G.fast with its headline 300 to 500 Mbps ultrafast vision which has BT planning to reach 10 million premises by 2020 has just had that speed eclipsed by lab work in conjunction with Alcatel-Lucent. Lab trials have now shown 5.6 Gbps pushed across 35 metre of cable, with an aggregate speed of 1.8 Gbps over a more useful 100m of copper telephone line. The catchy name for this new technology is XG.fast and is part of the reason why BT is confident that G.fast will allow them to deliver speeds needed in the next ten to fifteen years.
G.fast is not sitting still reducing power consumption and other tweaks to extend its reach are on going and both Qualcomm and Alcatel-Lucent are talking about higher port densities for G.fast DSLAMs of 32, 48 and 96 ports.
In a technological world new developments like this are always interesting, but it will be some time before XG.fast appears in the average street and in the UK the focus is less about pushing the envelope speed wise but rather about increasing coverage at the more usual superfast type speeds and for those not already getting superfast increased roll-out cannot arrive fast enough. This pressure on roll-out time scales and limited budgets are often what is driving the push to 'sweat the copper'.
Alcatel-Lucent was far from being the only chipset manufacturer delivering kit and showing off working G.fast at Broadband World Forum 2015 but their slides had the most useful detail. The above slide shows where four deployment scenarios with FTTCurb being a new scenario driven by Openreach requirements, to give them increased flexibility. The single port DPU (~FTTH) scenario is not one previously envisaged but reflects some deployments in Hong Kong and France, where single port G.fast kit is used to serve a single flat, why? Because it means a provider can fit the kit without any need to enter each individual apartment which a full FTTH or FTTB with Gigabit Ethernet deployment would require.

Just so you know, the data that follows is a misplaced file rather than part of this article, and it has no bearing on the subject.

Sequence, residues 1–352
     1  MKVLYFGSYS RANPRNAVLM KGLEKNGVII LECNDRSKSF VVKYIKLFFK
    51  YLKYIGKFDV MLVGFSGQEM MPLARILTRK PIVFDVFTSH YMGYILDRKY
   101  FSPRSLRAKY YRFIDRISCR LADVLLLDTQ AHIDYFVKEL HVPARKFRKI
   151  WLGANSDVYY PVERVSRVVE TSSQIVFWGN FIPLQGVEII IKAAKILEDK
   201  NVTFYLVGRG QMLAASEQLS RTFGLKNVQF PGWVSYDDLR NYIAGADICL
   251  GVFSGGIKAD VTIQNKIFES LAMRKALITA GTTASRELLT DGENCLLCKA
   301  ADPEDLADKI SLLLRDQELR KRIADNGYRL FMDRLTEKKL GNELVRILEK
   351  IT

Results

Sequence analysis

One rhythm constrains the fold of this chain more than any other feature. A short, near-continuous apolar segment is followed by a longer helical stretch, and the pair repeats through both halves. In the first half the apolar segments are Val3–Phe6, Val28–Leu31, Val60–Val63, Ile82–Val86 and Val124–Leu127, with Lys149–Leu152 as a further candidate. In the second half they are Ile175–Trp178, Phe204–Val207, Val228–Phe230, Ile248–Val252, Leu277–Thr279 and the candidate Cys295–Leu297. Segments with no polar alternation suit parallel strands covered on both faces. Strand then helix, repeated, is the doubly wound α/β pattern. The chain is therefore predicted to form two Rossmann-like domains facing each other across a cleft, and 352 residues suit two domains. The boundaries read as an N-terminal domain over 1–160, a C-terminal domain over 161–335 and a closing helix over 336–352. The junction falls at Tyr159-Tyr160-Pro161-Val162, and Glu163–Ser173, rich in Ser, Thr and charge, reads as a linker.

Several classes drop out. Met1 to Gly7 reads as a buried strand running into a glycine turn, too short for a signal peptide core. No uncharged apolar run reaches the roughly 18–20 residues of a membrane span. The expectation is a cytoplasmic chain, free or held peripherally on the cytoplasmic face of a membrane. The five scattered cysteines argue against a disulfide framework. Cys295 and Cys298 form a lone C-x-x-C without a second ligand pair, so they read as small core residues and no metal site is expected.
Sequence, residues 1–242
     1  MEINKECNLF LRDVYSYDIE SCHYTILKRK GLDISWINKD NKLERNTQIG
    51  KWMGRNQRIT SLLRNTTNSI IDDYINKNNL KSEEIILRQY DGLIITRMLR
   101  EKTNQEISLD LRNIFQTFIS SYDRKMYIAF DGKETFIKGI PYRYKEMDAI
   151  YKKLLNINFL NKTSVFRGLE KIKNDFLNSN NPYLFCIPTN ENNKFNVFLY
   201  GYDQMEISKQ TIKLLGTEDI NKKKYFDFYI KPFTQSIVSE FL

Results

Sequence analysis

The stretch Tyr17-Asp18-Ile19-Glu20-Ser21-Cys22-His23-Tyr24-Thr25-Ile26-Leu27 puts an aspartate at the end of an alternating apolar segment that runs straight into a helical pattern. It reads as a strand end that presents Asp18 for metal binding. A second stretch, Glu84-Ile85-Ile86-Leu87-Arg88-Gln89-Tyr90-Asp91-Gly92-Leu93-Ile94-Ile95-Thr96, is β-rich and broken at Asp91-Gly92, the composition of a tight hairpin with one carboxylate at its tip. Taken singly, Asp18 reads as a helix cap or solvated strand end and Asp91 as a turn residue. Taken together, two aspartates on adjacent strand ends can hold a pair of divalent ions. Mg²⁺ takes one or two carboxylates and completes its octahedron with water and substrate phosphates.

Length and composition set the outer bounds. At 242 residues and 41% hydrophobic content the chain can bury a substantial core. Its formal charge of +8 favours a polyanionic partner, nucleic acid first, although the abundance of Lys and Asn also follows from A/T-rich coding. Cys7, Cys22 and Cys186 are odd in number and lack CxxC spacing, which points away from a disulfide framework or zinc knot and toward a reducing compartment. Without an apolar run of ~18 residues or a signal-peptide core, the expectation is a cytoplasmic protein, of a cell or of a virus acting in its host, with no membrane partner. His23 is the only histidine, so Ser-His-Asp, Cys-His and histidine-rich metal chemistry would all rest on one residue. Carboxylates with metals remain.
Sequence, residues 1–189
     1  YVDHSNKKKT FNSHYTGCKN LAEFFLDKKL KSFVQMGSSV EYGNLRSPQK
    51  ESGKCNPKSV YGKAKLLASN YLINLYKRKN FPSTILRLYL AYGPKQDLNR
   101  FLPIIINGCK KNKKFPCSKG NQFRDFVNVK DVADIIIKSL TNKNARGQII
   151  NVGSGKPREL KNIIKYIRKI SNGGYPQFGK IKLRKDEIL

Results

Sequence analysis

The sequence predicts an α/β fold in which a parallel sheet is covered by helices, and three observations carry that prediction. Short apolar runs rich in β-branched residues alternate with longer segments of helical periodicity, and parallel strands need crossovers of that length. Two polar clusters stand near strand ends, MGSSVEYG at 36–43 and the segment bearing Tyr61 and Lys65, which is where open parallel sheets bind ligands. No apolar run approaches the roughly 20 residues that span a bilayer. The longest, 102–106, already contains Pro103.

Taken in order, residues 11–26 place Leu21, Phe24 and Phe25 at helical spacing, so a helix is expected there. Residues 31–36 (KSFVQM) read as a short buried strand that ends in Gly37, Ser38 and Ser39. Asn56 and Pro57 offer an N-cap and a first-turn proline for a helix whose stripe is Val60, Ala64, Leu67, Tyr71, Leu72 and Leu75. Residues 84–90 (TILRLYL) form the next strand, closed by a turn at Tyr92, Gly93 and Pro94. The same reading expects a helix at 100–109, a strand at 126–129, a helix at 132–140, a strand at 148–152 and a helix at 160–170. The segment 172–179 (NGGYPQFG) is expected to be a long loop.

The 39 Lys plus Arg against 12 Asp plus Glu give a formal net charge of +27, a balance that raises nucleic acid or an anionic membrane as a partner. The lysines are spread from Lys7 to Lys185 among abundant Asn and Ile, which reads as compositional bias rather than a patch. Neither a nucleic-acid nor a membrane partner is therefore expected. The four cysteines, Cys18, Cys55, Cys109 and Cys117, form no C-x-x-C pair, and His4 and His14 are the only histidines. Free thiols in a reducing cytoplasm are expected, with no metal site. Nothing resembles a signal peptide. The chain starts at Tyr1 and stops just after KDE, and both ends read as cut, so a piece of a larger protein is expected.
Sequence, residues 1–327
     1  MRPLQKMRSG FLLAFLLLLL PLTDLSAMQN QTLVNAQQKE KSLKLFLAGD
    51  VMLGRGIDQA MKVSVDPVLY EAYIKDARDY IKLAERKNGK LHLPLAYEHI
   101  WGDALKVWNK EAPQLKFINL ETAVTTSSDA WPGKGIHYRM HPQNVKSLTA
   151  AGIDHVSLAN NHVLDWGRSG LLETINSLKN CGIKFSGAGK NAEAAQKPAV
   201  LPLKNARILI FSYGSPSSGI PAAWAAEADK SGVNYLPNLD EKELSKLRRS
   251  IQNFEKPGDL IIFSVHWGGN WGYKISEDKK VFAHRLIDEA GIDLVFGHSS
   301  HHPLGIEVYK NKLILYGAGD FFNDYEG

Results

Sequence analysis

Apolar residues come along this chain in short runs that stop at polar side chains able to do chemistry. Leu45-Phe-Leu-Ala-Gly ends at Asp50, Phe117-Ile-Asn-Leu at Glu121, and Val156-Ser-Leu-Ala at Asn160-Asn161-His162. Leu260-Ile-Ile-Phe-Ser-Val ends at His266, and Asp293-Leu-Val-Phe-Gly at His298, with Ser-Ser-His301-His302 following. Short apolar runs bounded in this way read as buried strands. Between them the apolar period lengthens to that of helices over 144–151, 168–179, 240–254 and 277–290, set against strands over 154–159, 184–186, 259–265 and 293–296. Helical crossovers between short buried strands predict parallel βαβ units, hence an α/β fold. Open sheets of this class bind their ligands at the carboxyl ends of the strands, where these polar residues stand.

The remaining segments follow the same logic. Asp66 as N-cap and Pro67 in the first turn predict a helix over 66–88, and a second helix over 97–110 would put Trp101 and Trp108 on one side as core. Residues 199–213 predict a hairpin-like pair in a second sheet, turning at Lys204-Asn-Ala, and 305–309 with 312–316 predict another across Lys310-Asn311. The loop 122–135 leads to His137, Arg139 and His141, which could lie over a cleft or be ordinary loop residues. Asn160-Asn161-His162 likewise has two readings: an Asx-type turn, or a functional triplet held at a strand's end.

While G.fast with improvements and more real world data lead the speed charge outside the labs XG.fast broke the speed records. An interesting new middle ground in the form of Vplus (35b) or VDSL2 Annex Q (what Huawei call it) was discussed which makes use of increased bits per tone, higher power levels and increased bandwidth to 35 MHz with the extra bandwidth going towards downstream speeds could result in speed boosts out to 700m from existing VDSL2 cabinets, the idea being that this could be delivered by line card swaps. No word on adoption by Openreach, but it adds another tool to the technology toolkit.
For those thinking all this xDSL talk means Openreach is abandoning its Gigabit FoD2 FTTP product, it was emphasised in various talks that premium fibre giving Gigabit speeds was a clear part of the G.fast roadmap, the expectation that the SME sector that needs more speed than even G.fast or VDSL2 can provide will opt for this. Alas no commitment to ball park pricing yet, but we keep pestering so hopefully will know as soon as they have some firm figures.